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Red Sox’ Worst to First Season One for the Ages

The Boston Red Sox completed a spectacular turnaround on Wednesday with a decisive 6-1 win over the St. Louis Cardinals to capture their third World Series title in 10 years. 

Red Sox’ Worst to First Season One for the Ages
The Boston Red Sox are proud World Series champions. Photo courtesy bdamon via Creative Commons license.

The Boston Red Sox weren’t supposed to be playing for the World Series championship. That was the belief of many when looking at what happened last season.

But this group of players left last year exactly where it belonged—in the past.

This morning, the Red Sox and the entire city of Boston are still in celebration mode after the Olde Town Team banished the St. Louis Cardinals 6-1 to win their third World Series title in 10 seasons. They’ll busily prepare for a parade in which at least a million people will descend upon the streets of Boston to celebrate a team that became a symbol of hope for a city devastated by tragedy.

That tragedy—the bombings that left three people dead and over a hundred injured—occurred on a day that’s special in Boston, Patriots Day. It’s a day that celebrates the start of the battle of the American Revolution and now famous for the running of the Boston Marathon. The Red Sox have also had a tradition of playing each year starting in the morning on Patriots Day as well.

But the city was attacked on that day, by two brothers blinded by a cause. That attack brought the city to its knees, and when the Red Sox returned home four days later, their game as postponed as the city was shut down in order to capture one of the brothers still on the loose.

But the following day, the Red Sox did play, and on that day, the city was buoyed by a team that cared, and a team that was ready to represent Boston Strong.

Up until that time, Red Sox fans were ambivalent about their team. After all, they had witnessed their team post a 69-93 record in 2012, their worst showing since 1965. They had a new manager in John Farrell, a bunch of new faces and a general manager who dared to pull off one of the biggest trades of the century the previous August. Frankly, no one knew what to expect from this new group of Red Sox.

But on April 20, 2013, they showed their city that they cared, and cared deeply. They went on to win that Saturday when left fielder Daniel Nava crushed a three-run home run to defeat the Kansas City Royals 4-3. It was the seventh win in a row for Boston, and they would go on to vanquish the memories of a horrible 2012 season, and also to help a city heal after one of the darkest moments in its storied history.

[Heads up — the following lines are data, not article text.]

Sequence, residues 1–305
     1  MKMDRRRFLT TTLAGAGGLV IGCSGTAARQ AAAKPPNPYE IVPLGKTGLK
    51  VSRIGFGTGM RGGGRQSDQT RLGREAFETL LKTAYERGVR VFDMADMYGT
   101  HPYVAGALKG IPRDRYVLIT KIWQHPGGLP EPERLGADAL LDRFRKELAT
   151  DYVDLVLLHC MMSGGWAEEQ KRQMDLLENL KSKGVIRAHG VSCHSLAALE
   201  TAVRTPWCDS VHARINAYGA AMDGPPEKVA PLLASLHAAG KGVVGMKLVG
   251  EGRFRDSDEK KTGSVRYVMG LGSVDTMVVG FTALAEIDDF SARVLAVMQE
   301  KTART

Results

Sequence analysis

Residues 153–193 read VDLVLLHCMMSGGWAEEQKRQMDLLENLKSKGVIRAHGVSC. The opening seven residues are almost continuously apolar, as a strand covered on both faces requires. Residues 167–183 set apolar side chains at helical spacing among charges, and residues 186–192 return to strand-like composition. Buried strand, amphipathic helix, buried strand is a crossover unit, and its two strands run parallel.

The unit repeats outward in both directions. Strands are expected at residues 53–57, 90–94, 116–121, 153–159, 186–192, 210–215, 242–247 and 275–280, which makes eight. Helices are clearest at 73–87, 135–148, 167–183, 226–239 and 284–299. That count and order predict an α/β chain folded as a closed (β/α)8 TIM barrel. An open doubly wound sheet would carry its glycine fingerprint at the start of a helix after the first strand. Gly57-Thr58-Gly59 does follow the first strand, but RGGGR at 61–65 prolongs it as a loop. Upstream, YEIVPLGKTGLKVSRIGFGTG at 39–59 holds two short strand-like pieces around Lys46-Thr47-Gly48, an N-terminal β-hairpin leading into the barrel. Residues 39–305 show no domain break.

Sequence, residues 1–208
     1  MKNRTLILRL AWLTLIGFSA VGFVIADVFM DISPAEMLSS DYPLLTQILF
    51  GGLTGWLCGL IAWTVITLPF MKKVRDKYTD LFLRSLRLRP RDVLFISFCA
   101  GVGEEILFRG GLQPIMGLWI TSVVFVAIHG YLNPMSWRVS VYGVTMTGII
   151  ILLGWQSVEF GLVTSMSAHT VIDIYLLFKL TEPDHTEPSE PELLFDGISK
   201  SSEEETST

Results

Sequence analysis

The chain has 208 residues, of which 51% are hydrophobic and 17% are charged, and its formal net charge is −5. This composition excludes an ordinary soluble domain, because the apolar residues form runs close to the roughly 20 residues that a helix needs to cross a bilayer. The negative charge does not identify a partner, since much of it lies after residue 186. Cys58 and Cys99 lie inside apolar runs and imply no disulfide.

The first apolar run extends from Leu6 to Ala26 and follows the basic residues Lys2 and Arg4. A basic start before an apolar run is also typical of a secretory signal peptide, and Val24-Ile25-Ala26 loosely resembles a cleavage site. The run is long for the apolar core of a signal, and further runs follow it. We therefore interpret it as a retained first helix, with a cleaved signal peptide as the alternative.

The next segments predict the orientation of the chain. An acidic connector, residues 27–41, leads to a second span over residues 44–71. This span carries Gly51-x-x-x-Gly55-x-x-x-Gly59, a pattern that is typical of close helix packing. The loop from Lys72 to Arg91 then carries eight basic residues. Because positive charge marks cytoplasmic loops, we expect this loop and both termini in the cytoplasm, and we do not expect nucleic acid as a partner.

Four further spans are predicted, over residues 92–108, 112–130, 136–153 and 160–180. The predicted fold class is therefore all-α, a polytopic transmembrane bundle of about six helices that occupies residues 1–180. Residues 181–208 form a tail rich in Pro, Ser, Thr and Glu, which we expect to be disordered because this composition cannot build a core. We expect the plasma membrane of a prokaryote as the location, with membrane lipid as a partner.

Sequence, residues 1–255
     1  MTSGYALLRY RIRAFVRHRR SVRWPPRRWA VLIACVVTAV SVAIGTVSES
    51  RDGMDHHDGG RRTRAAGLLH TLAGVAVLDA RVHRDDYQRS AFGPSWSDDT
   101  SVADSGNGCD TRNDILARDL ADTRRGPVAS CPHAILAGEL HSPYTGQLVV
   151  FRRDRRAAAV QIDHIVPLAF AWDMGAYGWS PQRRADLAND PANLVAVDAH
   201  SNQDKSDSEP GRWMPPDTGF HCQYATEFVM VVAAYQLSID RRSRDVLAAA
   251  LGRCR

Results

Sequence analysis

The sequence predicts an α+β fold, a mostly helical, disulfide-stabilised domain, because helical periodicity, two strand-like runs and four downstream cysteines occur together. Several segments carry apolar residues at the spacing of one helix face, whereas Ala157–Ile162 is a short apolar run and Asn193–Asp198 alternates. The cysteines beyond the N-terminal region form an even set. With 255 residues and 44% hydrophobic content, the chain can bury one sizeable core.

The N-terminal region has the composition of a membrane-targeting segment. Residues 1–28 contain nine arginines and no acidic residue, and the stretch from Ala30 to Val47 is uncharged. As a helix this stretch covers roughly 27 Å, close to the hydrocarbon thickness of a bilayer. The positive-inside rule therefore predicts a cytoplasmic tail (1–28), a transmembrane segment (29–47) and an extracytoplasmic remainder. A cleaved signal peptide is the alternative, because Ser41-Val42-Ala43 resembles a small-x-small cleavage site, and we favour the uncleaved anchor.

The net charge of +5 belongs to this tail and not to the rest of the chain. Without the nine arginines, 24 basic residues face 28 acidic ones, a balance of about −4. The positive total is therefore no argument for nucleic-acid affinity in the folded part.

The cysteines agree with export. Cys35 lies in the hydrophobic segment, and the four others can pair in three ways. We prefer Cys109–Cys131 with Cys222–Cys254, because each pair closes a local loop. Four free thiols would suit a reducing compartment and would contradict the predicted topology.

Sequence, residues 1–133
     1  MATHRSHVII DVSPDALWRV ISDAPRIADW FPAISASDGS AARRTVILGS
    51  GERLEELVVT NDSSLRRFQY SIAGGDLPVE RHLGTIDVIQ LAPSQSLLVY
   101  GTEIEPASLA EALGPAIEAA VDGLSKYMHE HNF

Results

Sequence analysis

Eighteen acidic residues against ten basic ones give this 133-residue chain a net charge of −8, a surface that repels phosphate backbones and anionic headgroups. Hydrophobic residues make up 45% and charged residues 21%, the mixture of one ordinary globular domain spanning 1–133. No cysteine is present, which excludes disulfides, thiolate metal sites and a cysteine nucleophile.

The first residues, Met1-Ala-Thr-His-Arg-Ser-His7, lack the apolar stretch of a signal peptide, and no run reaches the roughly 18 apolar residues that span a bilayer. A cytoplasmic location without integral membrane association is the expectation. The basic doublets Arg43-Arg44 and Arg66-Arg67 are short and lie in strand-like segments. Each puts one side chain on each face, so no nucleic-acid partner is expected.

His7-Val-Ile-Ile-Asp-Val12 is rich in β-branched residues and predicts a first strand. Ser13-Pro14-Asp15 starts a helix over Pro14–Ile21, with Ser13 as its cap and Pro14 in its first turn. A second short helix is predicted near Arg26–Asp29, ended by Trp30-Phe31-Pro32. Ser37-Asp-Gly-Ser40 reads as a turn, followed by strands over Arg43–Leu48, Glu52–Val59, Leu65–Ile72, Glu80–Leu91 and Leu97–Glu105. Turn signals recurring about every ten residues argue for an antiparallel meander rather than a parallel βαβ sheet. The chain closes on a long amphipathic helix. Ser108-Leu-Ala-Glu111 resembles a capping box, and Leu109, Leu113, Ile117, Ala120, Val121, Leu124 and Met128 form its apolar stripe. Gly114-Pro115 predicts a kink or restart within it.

This is a team that also had character. General manger Ben Cherington signed a flock of free agents over the winter who weren’t just good fits on the field—they helped bring stability to a fractured clubhouse. This group of Red Sox players cared deeply about how they went about their business, and how they conducted themselves. No more finger-pointing like the previous season. No more sitting in the clubhouse eating chicken wings and drinking beer during a game. No more monkey business of any kind. This team simply came to play, to be accountable for their actions, and to win.

The Red Sox became the best of the worst, so to speak. Their .426 winning percentage in 2012 was the lowest ever in MLB history for any team that would go on to win a World Series title the following season.

That in itself is pretty remarkable. But even more so is the style and manner in which the Red Sox completed that stunning turnaround. They united a city after a horrible tragedy. They banded together quite possible like no previous Red Sox team ever had before. And, they played the game the way it was meant to be played.

This is no ordinary championship. The Red Sox can revel in the fact that they won a World Series title in spectacular fashion, both on and off the field.

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